Snowboarder Kelly Clark Reveals What Life in the Olympic Village Is Really Like (Exclusive)
By Stacy Lambe , Alex Ungerman
Marianna Massey/Getty Images
Kelly Clark is getting the college experience she never had.
The five-time U.S. Olympian and three-time medalist -- gold in Salt Lake City in 2002 and bronze in both Vancouver and Sochi -- entered these 2018 Winter Games in PyeongChang as a snowboarding legend and an idol among many of her peers in competition. Kelly remains one of the most recognizable figures in the sport, even being featured on boxes of Kellogg's Corn Flakes.
ET caught up with the athlete, who opened up about what has changed over the course of her prolific Olympic career, to what life in the Olympic Village is like, to her game-day meal and more.
ET: How have you changed the most from your first Olympics to now?
Kelly Clark: I’ve grown up a lot. Since 2002, I’m more secure in who I am now. My snowboarding has developed so much more and progressed so far. Sudden success is easier than sustaining success, and I have learned to sustain success after all these years.
If your life was made into a movie, who would you like to play you and why?
Natalie Portman, I mean, why not? I like the fact she’s a crazy good actress, but also has a degree from Harvard. She’s an overachiever – just like I am.
Which athletes are you most excited to meet during the Olympics?
One of my favorite athletes is Mikaela Shiffrin. She is so talented and continues to remain grounded at the same time. I’m always cheering for her. I also enjoyed hanging with the ‘sliding’ athletes – the luge, skeleton and bobsled teams. They’re real athletes in the fact they are so tall and ripped. At the same time, my favorite non-snowboarding event to watch at the Olympics is women’s ice hockey, so I’ll be watching my Team Kellogg’s teammate Meghan Duggan go for the gold!
Which events, outside of your sport, are you most excited to watch?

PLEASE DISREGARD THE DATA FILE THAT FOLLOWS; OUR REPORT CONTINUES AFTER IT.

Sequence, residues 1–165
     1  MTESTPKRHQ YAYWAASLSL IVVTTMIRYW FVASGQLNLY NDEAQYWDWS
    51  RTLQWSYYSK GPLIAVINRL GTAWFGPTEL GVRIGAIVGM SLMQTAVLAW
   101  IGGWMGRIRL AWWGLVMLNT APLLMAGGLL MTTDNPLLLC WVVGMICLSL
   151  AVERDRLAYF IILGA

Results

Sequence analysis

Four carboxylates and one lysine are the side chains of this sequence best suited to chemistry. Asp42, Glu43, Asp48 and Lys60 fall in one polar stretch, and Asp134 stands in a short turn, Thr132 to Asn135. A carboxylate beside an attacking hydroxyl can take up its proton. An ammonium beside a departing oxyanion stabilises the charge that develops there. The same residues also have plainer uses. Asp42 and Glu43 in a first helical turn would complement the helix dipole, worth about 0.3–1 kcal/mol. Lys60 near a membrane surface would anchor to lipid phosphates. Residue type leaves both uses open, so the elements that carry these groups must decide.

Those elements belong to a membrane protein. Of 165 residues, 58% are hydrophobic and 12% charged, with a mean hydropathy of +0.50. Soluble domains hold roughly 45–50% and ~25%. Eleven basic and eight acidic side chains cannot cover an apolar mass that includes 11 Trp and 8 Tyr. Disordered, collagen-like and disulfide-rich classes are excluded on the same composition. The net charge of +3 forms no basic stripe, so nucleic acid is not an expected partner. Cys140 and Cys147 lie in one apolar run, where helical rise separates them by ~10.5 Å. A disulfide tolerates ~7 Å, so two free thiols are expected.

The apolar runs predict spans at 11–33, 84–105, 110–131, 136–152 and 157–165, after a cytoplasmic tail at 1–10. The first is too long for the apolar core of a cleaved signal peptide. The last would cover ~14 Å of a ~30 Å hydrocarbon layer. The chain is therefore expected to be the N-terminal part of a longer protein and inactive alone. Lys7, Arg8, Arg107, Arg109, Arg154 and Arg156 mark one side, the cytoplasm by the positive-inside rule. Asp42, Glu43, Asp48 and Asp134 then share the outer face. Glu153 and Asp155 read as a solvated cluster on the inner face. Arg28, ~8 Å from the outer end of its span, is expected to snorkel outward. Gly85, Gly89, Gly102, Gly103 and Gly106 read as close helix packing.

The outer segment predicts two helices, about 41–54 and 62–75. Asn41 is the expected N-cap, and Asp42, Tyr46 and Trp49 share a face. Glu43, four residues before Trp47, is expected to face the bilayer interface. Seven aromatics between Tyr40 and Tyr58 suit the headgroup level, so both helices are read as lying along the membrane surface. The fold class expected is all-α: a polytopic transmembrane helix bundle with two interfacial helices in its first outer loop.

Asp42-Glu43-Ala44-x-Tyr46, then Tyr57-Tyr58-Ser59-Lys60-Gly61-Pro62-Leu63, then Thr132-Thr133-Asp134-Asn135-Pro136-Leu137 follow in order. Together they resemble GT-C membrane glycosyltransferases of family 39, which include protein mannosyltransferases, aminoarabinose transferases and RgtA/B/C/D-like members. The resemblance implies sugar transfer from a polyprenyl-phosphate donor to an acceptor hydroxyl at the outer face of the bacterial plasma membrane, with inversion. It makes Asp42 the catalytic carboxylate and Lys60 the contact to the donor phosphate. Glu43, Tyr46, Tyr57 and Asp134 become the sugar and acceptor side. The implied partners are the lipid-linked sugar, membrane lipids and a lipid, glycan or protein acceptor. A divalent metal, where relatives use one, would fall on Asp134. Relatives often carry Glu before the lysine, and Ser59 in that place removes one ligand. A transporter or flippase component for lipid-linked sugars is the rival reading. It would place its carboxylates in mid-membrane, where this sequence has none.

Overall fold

I loved watching the men’s halfpipe event. I sat with Team USA and cheered on the boys' slopestyle as well. This will be the first time big air has been in the Olympics, I’m looking forward to seeing more of that. The Olympics are unlike any other athletic event, such great stories of inspiration, but I also look forward to the Paralympic Games in March, which is where the true champions come into play like Mike Schultz.
What's life really like in the Olympic Village?
The Olympic Village is kind of like college – not that I went to college. It has the dorm room feel along with the communal cafeteria. You can tell who’s waiting to compete and who has finished their competition. The difference is the focus. It’s amazing to see all the different athletes from different nations in one place. I also enjoy the Team USA lounge area – it’s where I connect most with my friends from different sports – and we get to hang out for two weeks every four years. And there’s the pin trading, that’s huge.
What's your game-day meal?
While I’m training and back in the U.S. it's Eggos with almond butter and bananas, but I also eat my favorite cereal, Special K with red berries, always hit the spot. But during game time and while I was at the games, there’s the Haven House that USOC [United States Olympic Committee] runs. You really don’t know what you’re going to get when you’re abroad and the USOC does a great job with the Haven House. It’s super important to be comfortable with what you’re eating, so you do your best. They provide us with food that’s familiar – so we’d take the bus to the Haven House to get the home-cooked meal we needed.
What's one thing you're looking forward to eating (or treating yourself to) after the competition is over?
Pizza! I flew into New York City straight from PyeongChang, so to get some slices, that would be great. The Olympics have been a four-year journey and a lifetime journey for me – and I’ve been telling my dog, Iris, that after February we’re going to spend some more together and I’m looking forward to going home and getting refreshed and relaxed with the pup.
Biggest piece of advice for other athletes?
I’ve learned through my snowboarding career not to be defined by your results. I’ve seen so many athletes treat the Olympic Games as a destination or be something that defines them. I encourage them to make that part of their journey, not the final destination. In doing this, you can peruse your athletics with more consistency and enjoyment, if your self-worth isn’t tied up in your performance.